Learn more about Premium Scotia / Floor Beading

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Scotia and Floor Beadings both serve the same purpose in covering the expansion gap between the flooring and the wall to create a nice, aesthetic finish. The differences between them are minor but serve a meaningful enough distinction. 

Whilst both come in the form of thin strips of wood/metal, they differ in the following ways: 

  • Scotia – Scotia has a curved, convex profile. In simpler terms, they are shaped like a quarter circle in the cross-section. This has the advantage of blending into the skirting board and floor, smoothing over the transition. 
  • Floor Beading – Floor beading has a flat side sitting against the wall, whilst the top is starkly angular. This creates a defined line between the floor and the wall. 

In the end, the major difference is the finished look.

Scotia and Flooring Beading are only required for three main reasons: 

  • Aesthetics – This is by no means petty. An uncovered expansion gap or uneven base to the wall finish, whilst very important to allow the natural expanding and contracting that will naturally occur, can be jarring to the overall appearance of the room.
  • Protection – Without Scotia or Floor Beading, you leave the gaps of your room exposed to possible sources of damage, as well as dust build-up.

  • Safety Net – Scotia and Floor Beadings act as a safety net should there be any unevenness at the edges, making the finished floor that much neater.

Installing Scotia/Floor Beading is a straightforward process, at least for those with some DIY experience. We recommend using safety goggles and gloves when doing this. 

  • Measure – Measure the perimeter of the room to determine the length of Scotia/Floor Beading needed. 
  • Cut – Cut to fit the wall’s length. Use a mitre saw/box for angled cuts for corners.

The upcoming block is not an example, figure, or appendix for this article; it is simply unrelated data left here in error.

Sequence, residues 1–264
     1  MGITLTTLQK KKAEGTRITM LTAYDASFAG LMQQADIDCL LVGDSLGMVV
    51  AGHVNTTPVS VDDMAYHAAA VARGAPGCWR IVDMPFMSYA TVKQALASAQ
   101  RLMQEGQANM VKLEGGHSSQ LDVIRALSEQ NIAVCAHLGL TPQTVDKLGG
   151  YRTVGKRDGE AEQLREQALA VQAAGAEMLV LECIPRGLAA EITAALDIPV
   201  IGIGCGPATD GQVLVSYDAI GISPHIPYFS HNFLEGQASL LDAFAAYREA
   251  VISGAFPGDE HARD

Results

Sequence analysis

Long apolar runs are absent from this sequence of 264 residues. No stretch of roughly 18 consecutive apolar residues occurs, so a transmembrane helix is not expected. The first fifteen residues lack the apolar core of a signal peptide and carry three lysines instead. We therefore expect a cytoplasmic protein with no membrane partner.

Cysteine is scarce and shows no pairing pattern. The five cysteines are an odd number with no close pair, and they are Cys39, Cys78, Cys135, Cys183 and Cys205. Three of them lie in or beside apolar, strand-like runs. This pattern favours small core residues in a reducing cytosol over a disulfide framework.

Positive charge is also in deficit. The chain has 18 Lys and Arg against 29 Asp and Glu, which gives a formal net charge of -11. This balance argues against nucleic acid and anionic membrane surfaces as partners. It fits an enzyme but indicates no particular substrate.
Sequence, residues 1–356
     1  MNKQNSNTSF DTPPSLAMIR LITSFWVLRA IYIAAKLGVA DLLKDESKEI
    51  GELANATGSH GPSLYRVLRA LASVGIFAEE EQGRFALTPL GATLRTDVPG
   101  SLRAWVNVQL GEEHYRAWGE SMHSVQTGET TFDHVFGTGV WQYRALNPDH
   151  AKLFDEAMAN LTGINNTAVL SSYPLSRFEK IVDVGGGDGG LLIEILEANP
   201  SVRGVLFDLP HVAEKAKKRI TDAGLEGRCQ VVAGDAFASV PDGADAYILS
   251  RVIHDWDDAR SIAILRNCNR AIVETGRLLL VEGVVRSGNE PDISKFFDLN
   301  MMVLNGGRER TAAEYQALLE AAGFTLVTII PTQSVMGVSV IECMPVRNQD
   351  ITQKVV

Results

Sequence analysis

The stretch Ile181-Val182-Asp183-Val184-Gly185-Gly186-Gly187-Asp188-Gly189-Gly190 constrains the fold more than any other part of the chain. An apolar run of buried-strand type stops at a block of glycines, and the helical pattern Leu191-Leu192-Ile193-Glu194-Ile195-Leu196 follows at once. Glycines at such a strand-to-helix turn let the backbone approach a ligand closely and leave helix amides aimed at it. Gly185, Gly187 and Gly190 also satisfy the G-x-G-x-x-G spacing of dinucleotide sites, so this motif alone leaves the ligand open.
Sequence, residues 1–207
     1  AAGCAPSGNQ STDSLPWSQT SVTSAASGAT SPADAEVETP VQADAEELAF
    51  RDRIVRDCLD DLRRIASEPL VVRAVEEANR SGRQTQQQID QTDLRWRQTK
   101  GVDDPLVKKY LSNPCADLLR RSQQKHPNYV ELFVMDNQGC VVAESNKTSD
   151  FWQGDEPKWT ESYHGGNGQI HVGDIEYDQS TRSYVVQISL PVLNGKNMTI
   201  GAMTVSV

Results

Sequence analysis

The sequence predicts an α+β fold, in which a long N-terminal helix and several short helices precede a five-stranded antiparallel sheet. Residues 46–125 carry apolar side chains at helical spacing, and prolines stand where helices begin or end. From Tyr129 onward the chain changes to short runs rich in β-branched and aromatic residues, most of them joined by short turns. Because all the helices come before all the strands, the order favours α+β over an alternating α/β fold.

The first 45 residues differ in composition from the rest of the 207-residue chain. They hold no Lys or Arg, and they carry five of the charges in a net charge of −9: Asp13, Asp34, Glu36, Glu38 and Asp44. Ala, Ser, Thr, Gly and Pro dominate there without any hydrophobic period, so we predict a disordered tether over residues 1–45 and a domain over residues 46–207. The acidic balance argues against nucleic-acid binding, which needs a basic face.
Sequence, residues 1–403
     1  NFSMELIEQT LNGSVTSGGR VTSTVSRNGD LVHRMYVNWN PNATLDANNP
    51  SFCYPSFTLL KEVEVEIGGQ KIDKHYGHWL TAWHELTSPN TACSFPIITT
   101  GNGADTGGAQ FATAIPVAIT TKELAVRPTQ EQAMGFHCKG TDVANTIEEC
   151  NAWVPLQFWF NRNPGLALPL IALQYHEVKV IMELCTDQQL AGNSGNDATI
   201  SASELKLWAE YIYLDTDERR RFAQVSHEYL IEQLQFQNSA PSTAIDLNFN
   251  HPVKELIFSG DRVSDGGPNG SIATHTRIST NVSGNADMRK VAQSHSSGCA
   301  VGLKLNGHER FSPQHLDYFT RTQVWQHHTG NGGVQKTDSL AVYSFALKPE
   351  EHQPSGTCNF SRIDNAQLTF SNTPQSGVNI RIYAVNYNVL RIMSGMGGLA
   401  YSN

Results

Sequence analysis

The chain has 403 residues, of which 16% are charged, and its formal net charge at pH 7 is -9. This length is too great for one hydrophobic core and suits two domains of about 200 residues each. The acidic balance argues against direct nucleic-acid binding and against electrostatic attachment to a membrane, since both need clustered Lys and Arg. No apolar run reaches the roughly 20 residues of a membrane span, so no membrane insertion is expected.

• Corner Angles – Cut your Scotia to a 45-degree angle at interior corners, with the reverse angles for external corners. 
  • Dry Fit – Place the lining against the skirting board and floor to ensure a proper fit. 
  • Fix In Place – Fixing in place is done through either nailing down or glueing. Use small panel pins if you prefer to nail them down, and ensure they go into the skirting board, NOT the floor. Otherwise, apply a suitable adhesive to the back and press it firmly against the skirting board.

  • Finishing Touches – Any unused nail holes are best filled with wood filler, matching the scotia/floor beading’s colour to mask the hole. Any small gaps between the wall and the lining should be filled with caulk. This allows any unused/inefficient areas to be patched up for a neat finish. 

Yes, our floor linings can be used to hide wiring and cables with Scotia. This is done to manage your cables and wires for improved aesthetics and to ensure your room is as clear as possible from a safety perspective, too.

Scotia, in particular, provides a small space between itself and the floor due to the curve that creates an inner space. This curve can be used to run wires and cables, but only ones that are smaller in diameter with sufficient space around.

That being said, it’s important to consider a few points of caution: 

  • Cables too thick pose a risk of forcing Scotia away from its position. 
  • Cables could suffer damage through compression. 
  • Cables for elements of the room that are not permanent pose a risk, as they may require replacing, and that will require Scotia to be uprooted causing an inconvenience for you. 
  • Avoid running high-voltage cables in this manner, as this is a fire hazard.